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Stories Come to Life at Church Video Studio

Written by Terry DeBoer on . Posted in Local

Tiny for 316 siteAnimated characters in “Tiny Ocean Tails,” a series from Studio 3:16Kristen Collier was helping two-year old Mila record her lines for a new video cartoon series.

"She wanted to be just like the bigger kids in Sunday School," said Collier of the toddler's role while working in her church video production room. "So (Mila) pressed the button for the microphone and repeated the words after me."

Collier is one of the on-site production managers at Studio 3:16, an in-house ministry of St. John Evangelical Lutheran Church, a mile south of GVSU's Allendale campus. And she was teaming up with young Mila on a pre-schooler project called "Tiny Ocean Tails."

The modest-sized church formally opened the studio early this fall – complete with facilities for filming (in 4K resolution!) and video editing. There's also camera/sound equipment which can be checked out for various "in the field" video projects.

An initial adult effort has already brought results. Church member Beth Dykhouse videotaped her testimony, which includes the story of losing two of her children, one in a fatal fire. Her husband showed the video to a woman at his workplace. "She started crying and said, 'I guess I need a come to Jesus moment,'" Beth said. Her testimony is posted with other videos on the Studio 3:16 youTube channel,

The groundwork for the studio was laid last year, when the church applied for a grant from its Lutheran denomination's district office.

Working with a creative team, church treasurer Jody Owen headed up the grant application process.

"We put together a room-by-room list of what we needed to pull off this ministry," said Owen who was a "project
implementer" during her corporate career. "We may be a smaller church, but we have a skilled group of people," she noted.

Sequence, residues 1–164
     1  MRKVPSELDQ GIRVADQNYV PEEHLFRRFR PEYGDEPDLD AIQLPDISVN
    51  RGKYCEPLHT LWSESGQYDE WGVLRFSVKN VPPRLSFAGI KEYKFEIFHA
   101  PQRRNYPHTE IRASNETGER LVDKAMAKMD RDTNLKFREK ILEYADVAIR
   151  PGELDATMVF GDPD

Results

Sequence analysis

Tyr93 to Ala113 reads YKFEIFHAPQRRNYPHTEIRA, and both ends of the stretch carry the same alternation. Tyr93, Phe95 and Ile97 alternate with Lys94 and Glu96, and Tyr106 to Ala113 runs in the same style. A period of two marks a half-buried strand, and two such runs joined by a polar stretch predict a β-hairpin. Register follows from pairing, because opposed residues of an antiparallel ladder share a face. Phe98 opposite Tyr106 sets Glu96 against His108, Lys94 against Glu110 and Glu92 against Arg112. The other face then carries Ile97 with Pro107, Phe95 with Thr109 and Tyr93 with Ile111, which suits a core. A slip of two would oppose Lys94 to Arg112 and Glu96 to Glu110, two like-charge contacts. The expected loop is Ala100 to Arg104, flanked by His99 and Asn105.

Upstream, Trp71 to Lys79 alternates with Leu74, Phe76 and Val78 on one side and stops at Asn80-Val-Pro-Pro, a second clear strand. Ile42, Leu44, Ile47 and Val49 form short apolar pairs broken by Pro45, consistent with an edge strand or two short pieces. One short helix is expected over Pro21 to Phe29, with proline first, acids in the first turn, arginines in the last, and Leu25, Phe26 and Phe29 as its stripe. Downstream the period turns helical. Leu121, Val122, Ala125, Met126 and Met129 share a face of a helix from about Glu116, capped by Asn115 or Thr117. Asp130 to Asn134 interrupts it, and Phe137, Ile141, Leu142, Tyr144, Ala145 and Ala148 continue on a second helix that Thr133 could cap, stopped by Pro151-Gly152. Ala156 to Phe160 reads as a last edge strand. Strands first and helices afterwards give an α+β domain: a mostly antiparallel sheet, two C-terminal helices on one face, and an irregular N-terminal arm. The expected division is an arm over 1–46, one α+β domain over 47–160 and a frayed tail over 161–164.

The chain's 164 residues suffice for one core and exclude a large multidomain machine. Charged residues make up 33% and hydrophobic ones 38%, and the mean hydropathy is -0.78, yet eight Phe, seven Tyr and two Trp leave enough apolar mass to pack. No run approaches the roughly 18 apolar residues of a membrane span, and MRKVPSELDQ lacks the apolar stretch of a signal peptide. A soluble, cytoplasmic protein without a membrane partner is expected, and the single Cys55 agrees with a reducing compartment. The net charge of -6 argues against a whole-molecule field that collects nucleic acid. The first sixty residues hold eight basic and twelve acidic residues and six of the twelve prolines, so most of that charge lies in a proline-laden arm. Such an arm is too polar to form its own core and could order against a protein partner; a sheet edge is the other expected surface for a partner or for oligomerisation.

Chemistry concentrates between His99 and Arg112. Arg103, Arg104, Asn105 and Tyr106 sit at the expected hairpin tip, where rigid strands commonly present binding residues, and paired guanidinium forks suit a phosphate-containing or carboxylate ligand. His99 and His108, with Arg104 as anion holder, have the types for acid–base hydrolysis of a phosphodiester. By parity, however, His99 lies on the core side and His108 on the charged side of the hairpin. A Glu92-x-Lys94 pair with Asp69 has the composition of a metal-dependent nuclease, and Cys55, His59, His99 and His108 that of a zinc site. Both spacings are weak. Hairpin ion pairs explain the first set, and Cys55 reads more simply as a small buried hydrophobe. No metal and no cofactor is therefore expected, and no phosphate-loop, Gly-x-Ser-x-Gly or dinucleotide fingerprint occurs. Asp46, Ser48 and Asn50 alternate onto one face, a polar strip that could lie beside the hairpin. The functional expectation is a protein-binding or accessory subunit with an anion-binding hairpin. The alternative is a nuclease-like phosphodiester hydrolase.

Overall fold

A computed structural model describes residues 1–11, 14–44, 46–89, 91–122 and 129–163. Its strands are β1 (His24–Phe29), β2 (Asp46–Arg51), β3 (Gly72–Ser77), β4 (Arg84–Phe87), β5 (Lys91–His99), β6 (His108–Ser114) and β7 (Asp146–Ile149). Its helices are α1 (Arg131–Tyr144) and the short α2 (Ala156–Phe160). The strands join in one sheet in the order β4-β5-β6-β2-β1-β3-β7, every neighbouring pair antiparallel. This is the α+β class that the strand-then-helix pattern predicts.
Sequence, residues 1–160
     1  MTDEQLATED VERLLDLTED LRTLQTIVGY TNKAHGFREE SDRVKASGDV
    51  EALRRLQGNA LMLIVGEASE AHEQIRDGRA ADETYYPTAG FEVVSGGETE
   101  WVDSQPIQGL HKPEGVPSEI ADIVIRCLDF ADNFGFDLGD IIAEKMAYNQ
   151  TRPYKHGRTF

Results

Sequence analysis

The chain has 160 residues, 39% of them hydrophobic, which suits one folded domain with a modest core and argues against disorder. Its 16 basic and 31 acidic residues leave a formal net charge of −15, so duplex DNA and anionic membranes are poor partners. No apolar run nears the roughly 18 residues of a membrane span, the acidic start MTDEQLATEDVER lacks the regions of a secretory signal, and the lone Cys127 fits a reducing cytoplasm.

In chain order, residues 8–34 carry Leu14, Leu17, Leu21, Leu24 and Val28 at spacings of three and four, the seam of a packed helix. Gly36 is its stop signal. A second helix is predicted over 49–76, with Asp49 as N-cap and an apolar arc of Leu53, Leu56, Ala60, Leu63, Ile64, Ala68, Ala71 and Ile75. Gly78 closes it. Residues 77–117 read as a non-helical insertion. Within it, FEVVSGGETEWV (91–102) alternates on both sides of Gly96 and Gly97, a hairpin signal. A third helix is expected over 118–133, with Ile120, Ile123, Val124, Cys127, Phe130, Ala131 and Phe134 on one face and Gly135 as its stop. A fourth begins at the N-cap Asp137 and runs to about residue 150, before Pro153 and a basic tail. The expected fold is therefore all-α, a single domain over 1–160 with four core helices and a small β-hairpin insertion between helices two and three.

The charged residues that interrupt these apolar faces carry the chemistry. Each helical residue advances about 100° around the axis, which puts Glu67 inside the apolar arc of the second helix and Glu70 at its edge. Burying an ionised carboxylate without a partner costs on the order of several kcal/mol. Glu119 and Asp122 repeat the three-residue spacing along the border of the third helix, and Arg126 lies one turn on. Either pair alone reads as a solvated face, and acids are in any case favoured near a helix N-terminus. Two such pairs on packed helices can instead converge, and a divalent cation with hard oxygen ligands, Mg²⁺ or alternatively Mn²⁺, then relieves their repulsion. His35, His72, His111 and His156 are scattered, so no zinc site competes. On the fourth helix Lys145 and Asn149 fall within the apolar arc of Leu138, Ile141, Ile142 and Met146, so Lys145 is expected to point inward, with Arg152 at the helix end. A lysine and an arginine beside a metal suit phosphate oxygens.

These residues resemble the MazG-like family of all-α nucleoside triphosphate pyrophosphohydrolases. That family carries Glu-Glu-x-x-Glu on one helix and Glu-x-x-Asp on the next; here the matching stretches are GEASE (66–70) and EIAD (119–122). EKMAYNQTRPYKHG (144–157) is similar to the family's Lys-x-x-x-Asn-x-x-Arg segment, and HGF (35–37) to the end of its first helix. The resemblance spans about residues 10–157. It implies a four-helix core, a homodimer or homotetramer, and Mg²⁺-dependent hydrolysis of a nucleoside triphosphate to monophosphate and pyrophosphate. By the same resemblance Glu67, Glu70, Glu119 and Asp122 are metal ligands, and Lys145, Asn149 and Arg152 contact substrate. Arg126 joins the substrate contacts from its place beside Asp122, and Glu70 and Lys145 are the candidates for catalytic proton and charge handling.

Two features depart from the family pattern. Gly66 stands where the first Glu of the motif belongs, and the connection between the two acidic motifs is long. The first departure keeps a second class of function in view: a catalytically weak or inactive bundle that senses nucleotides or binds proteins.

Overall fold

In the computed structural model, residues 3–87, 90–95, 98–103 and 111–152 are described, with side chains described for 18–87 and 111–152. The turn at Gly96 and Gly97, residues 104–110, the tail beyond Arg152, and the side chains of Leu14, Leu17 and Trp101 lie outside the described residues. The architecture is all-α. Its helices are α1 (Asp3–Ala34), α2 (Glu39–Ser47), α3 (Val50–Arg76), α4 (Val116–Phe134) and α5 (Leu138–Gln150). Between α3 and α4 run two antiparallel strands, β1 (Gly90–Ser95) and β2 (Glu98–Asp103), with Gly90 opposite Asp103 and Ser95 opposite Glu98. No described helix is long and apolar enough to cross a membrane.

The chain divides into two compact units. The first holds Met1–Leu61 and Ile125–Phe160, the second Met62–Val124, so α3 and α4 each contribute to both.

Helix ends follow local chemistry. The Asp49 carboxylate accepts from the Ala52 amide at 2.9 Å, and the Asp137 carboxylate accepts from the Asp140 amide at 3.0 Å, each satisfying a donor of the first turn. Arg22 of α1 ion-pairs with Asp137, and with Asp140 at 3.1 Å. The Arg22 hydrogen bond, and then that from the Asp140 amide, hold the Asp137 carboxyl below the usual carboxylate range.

"As a group we decided this was the right ministry to do, so we would go forward no matter what."

The application included funds for improved sound and video capability in the church sanctuary. From there came an entire church technical revamping which dedicated two rooms for video recording and production.

Among the improvements: electric power upgrades, Wifi signal boosts and placement of video monitors throughout the building.

The key part of the grant was to equip the Studio 3:16 rooms with cameras, lights, backdrops and microphones, plus computers and software for video and sound editing. The volunteer team priced out all the items and submitted the application.

The good news: a grant of more than $50 thousand covered one-hundred percent of the cost. They adopted a mission statement/slogan for their church's tech-savvy effort: "Connecting people to Jesus in a digital world."

"With the help of God we now have a new vision, evangelically minded with an outward focus," said St. John pastor Rev. Marin Cerchez of the new ministry tools.


The strategy for Studio 3:16 is intentionally hands-on.

"Some churches ask young people to be on their video tech team, but really they're looking for grunt workers," said Kristen's husband Kevin, also a Studio 3:16 production manager. "But here we ask them what's on their heart. What do they want to create? A movie, interview show or some other ministry project?"

New ministry avenues have brought new opportunities.

The older Sunday School students are producing a puppet show series "Animal Safari." Directed by the students and church education director Tracy Scott, it recently debuted during a worship service. Their initial story is "The Tale of Two Lions" a lesson on pride, including a Bible verse and closing prayer. (see it at online ).
"The Color of Hope," a short film written and directed by Kevin Collier has been entered in the Concordia Film Festival in St. Louis.

An area pastor from Pakistan is scheduled to record sermon videos in his native language.

Pastor Cerchez himself (a former medical doctor with several advanced degrees) will host a video teaching series with titles such as "The Bible Explored" and "Found By Jesus."


Currently, the studio is open three days a week. But an increase in demand could expand its hours.

The kids' interest in the media tools has already led to expansion - an extra computer donation helped begin "Studio 3:16 Jr."

The area community has been discovering this ministry. Collier says website visitors to the church and studio have increased markedly since they went "live" and completed several projects. "We've already seen God beginning to use the things that have been produced here."

(See the "Tiny Ocean Tails" sneak peak video online  . For more information on Studio 3:16 visit www.stjohnstudio316.com).
Author Information
Terry DeBoer
Author: Terry DeBoer
Terry is a journalist/feature writer for newspapers, magazines and websites, with a background in radio broadcasting. His usual beat is arts and entertainment, specializing in Christian/gospel music. A married father of two, he is based in Grand Rapids, Michigan Contributing Writer: West Michigan Christian News August 2011 – Present Feature writer: -Mlive.com (website and various newspapers) 1988– 2016 -Spotlight New Christian Music Magazine 1997-2008 -Church News Editor, Church Herald Magazine 2004-2009

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